Ida Tarbell, The Investigative Journalist Who Took On An American Tycoon

Published July 17, 2023
Updated July 19, 2023

Ida Tarbell's 19-part exposé on John D. Rockefeller’s Standard Oil helped lead to the break-up of the company, and established her as one of the most prominent muckraker journalists of her day.

Ida Tarbell

Everett Collection Historical/Alamy Stock PhotoIda M. Tarbell, the muckraking journalist best known for her exposé of Standard Oil.

A Progressive-era journalist, Ida Tarbell changed history when she set her sights on John D. Rockefeller’s Standard Oil Company. Her exposé helped lead to break up his company, and established Tarbell as one of America’s great investigative journalists. But for her, it was personal.

Tarbell’s childhood in the oil fields of Pennsylvania gave her a close look at the seedy underbelly of the oil industry. As a girl, she saw how Rockefeller and Standard Oil gamed the system and hurt independent manufacturers.

And as an adult, Tarbell used her pen to fight back.

Her 19-part exposé of Standard Oil’s backroom tactics came out between 1902 and 1904 and explained the oil industry’s machinations in easy-to-understand terms. It placed Tarbell among the best-known muckrakers of her day, and helped lead to the breakup of Standard Oil in 1911.

The oilman’s daughter took on the oil industry — and won.

Ida Tarbell’s Early Experiences With The Oil Industry

Ida Tarbell At Her Desk

Pictorial Press Ltd/Alamy Stock PhotoIda Tarbell at her writing desk.

Ida Minerva Tarbell was born on Nov. 5, 1857 in Hatch Hollow, Pennsylvania. Her mother was a teacher while her father was an oilman.

At a young age, Tarbell witnessed the power of John D. Rockefeller through her father’s experiences with Standard Oil. Though the Pennsylvania Oil Rush of 1859 had vastly improved her family’s prospects, things changed dramatically when Rockefeller arrived on the scene.

Then, Rockefeller launched a plan to control oil and gas production in the region by striking a deal with major railroads to raise their shipping fees and pay “rebates” and “drawbacks” to him. The so-called 1872 South Improvement scheme infuriated oilmen like Tarbell’s father, but there was little anyone could do in the face of Rockefeller’s immense power.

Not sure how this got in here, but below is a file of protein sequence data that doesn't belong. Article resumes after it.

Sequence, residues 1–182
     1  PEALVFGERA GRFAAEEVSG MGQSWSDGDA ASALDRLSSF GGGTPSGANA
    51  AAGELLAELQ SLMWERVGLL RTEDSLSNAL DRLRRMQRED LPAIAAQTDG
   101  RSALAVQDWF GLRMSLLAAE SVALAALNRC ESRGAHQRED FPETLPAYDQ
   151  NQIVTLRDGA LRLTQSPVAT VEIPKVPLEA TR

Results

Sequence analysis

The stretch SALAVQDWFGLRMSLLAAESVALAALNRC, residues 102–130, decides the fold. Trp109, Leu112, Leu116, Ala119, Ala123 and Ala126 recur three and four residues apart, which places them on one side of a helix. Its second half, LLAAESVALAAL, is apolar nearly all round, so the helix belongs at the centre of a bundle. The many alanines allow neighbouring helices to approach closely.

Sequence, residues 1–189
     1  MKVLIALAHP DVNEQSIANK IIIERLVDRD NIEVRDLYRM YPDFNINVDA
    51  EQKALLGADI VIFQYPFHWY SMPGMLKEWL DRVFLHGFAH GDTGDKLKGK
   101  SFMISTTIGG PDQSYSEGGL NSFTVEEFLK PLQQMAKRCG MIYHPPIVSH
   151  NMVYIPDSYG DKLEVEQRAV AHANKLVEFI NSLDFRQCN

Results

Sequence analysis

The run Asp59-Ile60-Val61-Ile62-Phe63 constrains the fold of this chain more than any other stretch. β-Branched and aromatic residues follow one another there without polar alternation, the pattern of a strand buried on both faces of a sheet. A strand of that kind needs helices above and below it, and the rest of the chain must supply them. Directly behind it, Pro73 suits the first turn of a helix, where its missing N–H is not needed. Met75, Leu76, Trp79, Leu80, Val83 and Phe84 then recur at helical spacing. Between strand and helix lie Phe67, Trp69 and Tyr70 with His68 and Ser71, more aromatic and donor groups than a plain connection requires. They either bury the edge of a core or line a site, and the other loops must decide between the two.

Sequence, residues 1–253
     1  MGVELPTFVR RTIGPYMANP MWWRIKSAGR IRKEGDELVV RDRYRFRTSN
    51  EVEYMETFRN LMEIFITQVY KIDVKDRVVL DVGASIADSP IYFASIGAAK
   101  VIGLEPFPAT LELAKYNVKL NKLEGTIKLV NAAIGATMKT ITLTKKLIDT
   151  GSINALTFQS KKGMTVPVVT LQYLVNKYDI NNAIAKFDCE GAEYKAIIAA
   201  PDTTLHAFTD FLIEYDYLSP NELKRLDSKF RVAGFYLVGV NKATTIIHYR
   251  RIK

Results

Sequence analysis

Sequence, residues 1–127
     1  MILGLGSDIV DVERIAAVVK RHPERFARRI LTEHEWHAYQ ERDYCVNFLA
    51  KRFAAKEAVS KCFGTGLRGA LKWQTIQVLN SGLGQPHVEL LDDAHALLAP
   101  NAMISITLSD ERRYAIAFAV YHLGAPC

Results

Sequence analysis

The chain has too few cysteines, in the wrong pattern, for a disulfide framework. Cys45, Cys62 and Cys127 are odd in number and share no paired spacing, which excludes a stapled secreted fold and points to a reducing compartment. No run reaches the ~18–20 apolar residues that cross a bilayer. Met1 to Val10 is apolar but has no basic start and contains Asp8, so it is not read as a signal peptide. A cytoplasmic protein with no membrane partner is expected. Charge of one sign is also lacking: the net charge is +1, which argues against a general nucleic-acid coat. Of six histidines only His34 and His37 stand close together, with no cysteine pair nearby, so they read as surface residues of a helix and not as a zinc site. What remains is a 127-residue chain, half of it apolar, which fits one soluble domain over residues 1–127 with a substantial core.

“[S]uddenly [our] gay, prosperous town received a blow between the eyes,” Tarbell later wrote of Rockefeller’s scheme. “Out of the alarm and bitterness and confusion, I gathered from my father’s talk a conviction to which I still hold — that what had been undertaken was wrong.”

Ida Tarbell carried this seed of injustice all her life. It’s no wonder that she later sought to expose the unfair working practices of Standard Oil.

How Ida Tarbell Sets Her Sights On Standard Oil

After graduating from Allegheny College in 1883, Ida Tarbell briefly taught in Ohio before finding work back in Pennsylvania at a magazine called The Chautauquan. She worked there until 1891, then decided to move to Paris in order to write a biography about Madame Roland, a woman who ran an influential salon during the French Revolution, according to PBS.

In Paris, Tarbell supported herself by writing for magazines including McClure’s, a 20th-century illustrated American periodical. Her multiple part series on Abraham Lincoln and Napoleon Bonaparte proved immensely popular, and doubled McClure’s circulation.

Having established herself as a popular magazine writer, Ida Tarbell set her sights on the enemy of her youth: John D. Rockefeller and Standard Oil.

John D. Rockefeller Sr

Public DomainJohn D. Rockefeller Sr. controlled 90 percent of American oil at his most powerful, and was worth hundreds of millions of dollars.

McClure’s agreed to publish a three-part series on Standard Oil, and Tarbell quickly got to work. According to PBS, she studied court testimonies, state and federal reports, and newspaper coverage, to explain, in simple, easy-to-understand terms, Standard Oil’s unethical behavior.